The old adobe was built in 1847 by David Wight as a home for his wife and daughter. The residence was based on Wight's ancestral home in Ayton, Scotland. Later, in 1855, the Old Monterey Whaling Company began shore-whaling operations and used the adobe as a headquarters and employee residence. The front walkway is made entirely of whale vertebrae. The building was operated as an Inn for several decades in the early 1900s.
Joseph Boston Store
This two-story adobe and chalk rock building was constructed for prominent Monterey businessman Thomas Larkin around 1845. Larkin rented the structure to different individuals including Joseph Boston, who opened a general merchandise store in the site at the start of the California Gold Rush. Miners passing through Monterey would come to the building to purchase goods and store their gold in the town’s only safe, which still resides in the structure. The storage of gold inside caused the Boston Store to have the nickname “Casa del Oro,” which means “house of gold” in Spanish.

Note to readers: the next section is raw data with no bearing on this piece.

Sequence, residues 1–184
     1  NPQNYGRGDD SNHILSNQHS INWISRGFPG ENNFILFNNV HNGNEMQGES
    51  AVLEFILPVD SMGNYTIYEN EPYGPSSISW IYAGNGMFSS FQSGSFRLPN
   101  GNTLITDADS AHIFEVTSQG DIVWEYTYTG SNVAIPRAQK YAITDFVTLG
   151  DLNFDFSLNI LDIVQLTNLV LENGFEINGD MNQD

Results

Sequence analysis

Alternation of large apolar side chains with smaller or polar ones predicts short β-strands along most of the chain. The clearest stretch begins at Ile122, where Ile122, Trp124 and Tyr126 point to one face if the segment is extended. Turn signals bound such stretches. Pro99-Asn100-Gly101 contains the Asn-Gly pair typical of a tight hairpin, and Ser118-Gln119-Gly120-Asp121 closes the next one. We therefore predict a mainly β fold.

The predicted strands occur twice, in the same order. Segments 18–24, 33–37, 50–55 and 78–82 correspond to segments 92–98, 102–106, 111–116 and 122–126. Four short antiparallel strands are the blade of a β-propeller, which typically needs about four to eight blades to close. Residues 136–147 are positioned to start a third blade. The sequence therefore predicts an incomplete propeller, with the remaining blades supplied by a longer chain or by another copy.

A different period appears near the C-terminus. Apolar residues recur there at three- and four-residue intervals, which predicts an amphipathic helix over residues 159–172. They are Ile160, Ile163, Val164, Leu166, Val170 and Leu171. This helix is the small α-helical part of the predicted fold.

California's First Theater
Located in Monterey State Historic Park, this adobe theater was built by Jack Swan in 1846-47 as a lodging house and tavern for sailors. It was used as a theatre in 1850 when U.S. Army officers from Colonel Stevenson's 1st New York Volunteers produced plays as a money-making venture. Swan built a small stage and provided benches, whale-oil lamps, candles for footlights, and curtains made of red and blue blankets. Tickets sold for $5 each. First night receipts totaled $500.
In later years, the First Theatre was used as a lodging house for whalers but fell into disrepair after Swan's death in 1896. It was purchased in 1906 by California Historic Landmarks League and donated to the State of California. In 1937 and until recently, the Troupers of the Gold Coast staged the first melodramas since the 1850s.
Due to structural deficiencies, California's First Theatre will be closed until further notice. For more information, please call Sector Superintendent Eric Abma at (831) 646-6441. Visit the Pacific House Museum or Custom House (located in the Custom House Plaza, near Fisherman's Wharf) to learn more about this historic building.
House of the Blue Gate
During the 1840s, Rafael Estrada built this home from sun-dried mud (adobe). Generations of families have called this home. The Soberanes family lived here from 1860 to 1922. The Serranos later purchased and restored the house in the 1920s and 30s. Inside, one will discover beautiful furnishings that are a blend of early New England and China trade pieces mixed in with modern Mexican folk art. This collection reflects the building’s final resident, local historian Mayo Hayes O’Donnell, who lived in the building until her death in 1978